The Berlin Guides Association Commemorates the 75th Anniversary of the Bombing of Dresden

Friday, February 14, 2020 at Dresden, Germany

Our studious members in front of the old entrance to the Tempelhof Airport.

Over a dozen members of the Berlin Guides Association traveled to Dresden last month to commemorate the 75th anniversary of the controversial Allied bombing on the Saxon capital during the late night and early morning hours of 13./14. February 1945.

Our day was kicked off early with organized transportation picking us up at the former main entrance to Berlin’s iconic Tempelhof Airport, which was once dubbed “the mother of all airports” after the National Socialists expanded it under the direction of Ernst Sagebiel in the 1930s and which eventually became the nerve center of the Berlin Airlift from 1948-1949.

Our members gearing up for their exclusive tour by museum curator, Dr. Jens Wehner

Upon arriving in Dresden, our first stop was the Military History Museum. There, we were given a private and exclusive tour by the museum curator, Dr. Jens Wehner, who provided us with an overview of the permanent exhibition and detailed information about the USAAF and RAF raids on Dresden in February 1945. Dr. Wehner informed us that over 700 heavy bombers of the RAF and over 500 USAAF planes collectively dropped close to 4,000 tons of high explosive bombs and various incendiary tactics, killing around 25,000 people and destroying nearly 2,000 acres of the city’s historic center, which, hitherto, had been dubbed as “Venice on the Elbe”. It’s worth mentioning that the National Socialists first wrongly claimed that over 200,000 people had perished during the air raids to boost their deplorable propaganda, but leading historians now agree that approximately 25,000 innocent lives were lost during this horrific event.

Berlin Guides Association President, Matthew Robinson, laying a wreath of remembrance at the original ruins of the Frauenkirche

Following our guided tour at the Museum, we then headed into the Alt Stadt (Old Town) to the Neumarkt where members of the Berlin Guides Association’s Board of Directors (Vorstand) laid a wreath of remembrance at the surviving ruins of original Frauenkirche. Built in the 1700s, this church – arguably the heart and soul of Dresden – miraculously survived the bombing raids and only collapsed within hours afterward due to extensive heat caused by the Allied fire bombs. Today, we can all take sober satisfaction in knowing that the newly and beautifully designed Frauenkirche has stood in the same spot of its original predecessor since 2005, and thus once again serves as the heart and soul the city’s historic old town.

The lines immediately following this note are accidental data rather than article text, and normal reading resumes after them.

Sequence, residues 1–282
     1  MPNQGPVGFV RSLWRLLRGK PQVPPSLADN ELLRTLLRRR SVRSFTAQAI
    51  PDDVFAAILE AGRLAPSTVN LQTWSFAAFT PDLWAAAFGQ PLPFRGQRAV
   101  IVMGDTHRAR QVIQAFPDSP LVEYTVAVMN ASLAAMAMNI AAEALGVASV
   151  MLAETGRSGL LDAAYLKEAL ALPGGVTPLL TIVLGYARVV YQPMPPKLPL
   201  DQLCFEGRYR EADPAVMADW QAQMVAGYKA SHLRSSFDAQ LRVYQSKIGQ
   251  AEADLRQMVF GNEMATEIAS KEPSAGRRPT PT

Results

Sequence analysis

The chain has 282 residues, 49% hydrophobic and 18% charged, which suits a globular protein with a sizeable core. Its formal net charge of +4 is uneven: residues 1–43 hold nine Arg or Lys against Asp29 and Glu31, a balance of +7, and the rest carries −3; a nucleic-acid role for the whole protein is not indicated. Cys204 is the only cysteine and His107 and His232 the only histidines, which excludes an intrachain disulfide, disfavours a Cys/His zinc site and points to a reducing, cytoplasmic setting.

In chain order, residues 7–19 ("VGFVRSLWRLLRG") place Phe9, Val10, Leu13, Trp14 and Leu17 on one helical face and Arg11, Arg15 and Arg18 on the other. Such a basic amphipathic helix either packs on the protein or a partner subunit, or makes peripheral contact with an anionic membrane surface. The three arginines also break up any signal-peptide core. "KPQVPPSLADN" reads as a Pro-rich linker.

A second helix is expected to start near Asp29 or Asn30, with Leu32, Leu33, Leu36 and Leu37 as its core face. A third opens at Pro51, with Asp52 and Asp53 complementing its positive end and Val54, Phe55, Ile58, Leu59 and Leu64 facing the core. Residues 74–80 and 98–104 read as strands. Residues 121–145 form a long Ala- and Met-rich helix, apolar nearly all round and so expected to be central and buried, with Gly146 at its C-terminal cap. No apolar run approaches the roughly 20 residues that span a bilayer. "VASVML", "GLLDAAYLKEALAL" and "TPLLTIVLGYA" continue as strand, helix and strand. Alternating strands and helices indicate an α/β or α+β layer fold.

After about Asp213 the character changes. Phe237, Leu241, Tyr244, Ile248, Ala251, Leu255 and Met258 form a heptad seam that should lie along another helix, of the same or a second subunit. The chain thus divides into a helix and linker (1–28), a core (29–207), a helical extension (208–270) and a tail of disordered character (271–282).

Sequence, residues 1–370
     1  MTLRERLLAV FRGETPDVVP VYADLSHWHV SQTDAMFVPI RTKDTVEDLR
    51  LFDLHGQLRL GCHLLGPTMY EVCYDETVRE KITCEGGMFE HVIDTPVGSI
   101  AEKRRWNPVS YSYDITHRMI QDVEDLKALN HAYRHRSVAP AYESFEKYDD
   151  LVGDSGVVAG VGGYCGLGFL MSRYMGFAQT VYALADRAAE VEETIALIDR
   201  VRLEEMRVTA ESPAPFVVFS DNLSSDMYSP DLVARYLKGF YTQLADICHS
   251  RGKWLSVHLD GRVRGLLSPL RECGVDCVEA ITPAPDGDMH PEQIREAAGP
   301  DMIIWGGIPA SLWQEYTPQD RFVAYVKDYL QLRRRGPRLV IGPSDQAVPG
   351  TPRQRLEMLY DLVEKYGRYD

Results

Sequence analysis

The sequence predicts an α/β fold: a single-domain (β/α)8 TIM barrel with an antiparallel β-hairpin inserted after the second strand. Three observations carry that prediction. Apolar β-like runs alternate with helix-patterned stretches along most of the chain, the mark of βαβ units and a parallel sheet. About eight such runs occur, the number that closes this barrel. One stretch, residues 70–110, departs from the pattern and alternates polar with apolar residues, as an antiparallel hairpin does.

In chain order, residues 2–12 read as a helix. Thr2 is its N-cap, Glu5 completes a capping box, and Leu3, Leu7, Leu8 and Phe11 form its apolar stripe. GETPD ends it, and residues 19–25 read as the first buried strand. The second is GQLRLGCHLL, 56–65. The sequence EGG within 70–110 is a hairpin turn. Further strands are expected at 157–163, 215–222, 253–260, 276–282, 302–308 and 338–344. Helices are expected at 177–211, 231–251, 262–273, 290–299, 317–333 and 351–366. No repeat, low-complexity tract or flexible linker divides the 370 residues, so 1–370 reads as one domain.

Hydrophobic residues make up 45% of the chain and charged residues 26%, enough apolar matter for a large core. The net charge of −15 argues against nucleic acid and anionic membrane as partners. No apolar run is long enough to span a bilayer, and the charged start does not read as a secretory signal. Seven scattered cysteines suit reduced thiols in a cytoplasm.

Our members then dispersed to all parts of town to explore areas that interested them the most for the rest of day. Several of us visited the Yadegar Asisi panorama, a partner institution of the Berlin Guides Association, which focused on the themes of war and destruction as a result of the devastating air strikes on Dresden in February 1945. This exhibition provides the scenery of the destroyed city, as it looked directly after the bombing with the flames and columns of smoke still seen in many of the countless ruined houses. Victims, as well as survivors, covered with layers of ash who sought refuge during the catastrophe, are discernible amidst the apocalyptic, dystopian landscape that this moving exhibit palpably shows.

An uncompromising view of the Hofkirche and part of the Residenzschloss in 2020

Finally, we all rendezvoused at the King Johann statue, in front of the Semperoper, where our transportation back to Berlin was waiting for us. And standing in the middle of that ravishing square, facing east toward the Hofkirche and Residenzschloss, thinking in the context of hundreds of years of the House of Wettin pride, it’s hard to believe that over 80% of the historic city center had been destroyed during that fateful night in February of 1945 given how the old town had been meticulously rebuilt according to its original state over the last forty years.

Before hopping onto the bus back to Berlin, and taking into consideration everything that we’d learned today, it was hard not to reflect on the bombing of Dresden itself and come to realize that, by February of 1945, what had changed during the war was a redefinition of what was a ‘legitimate target’ – that is to say, a ‘legitimate target’ was no longer just simply a city, but rather people in that city who were primarily non-combatant, in what what would result in a virtually redefined total war, so that everybody would become a target.

Unfortunately, this ‘legitimate target’ would be pressed to the max a few months later in Japan.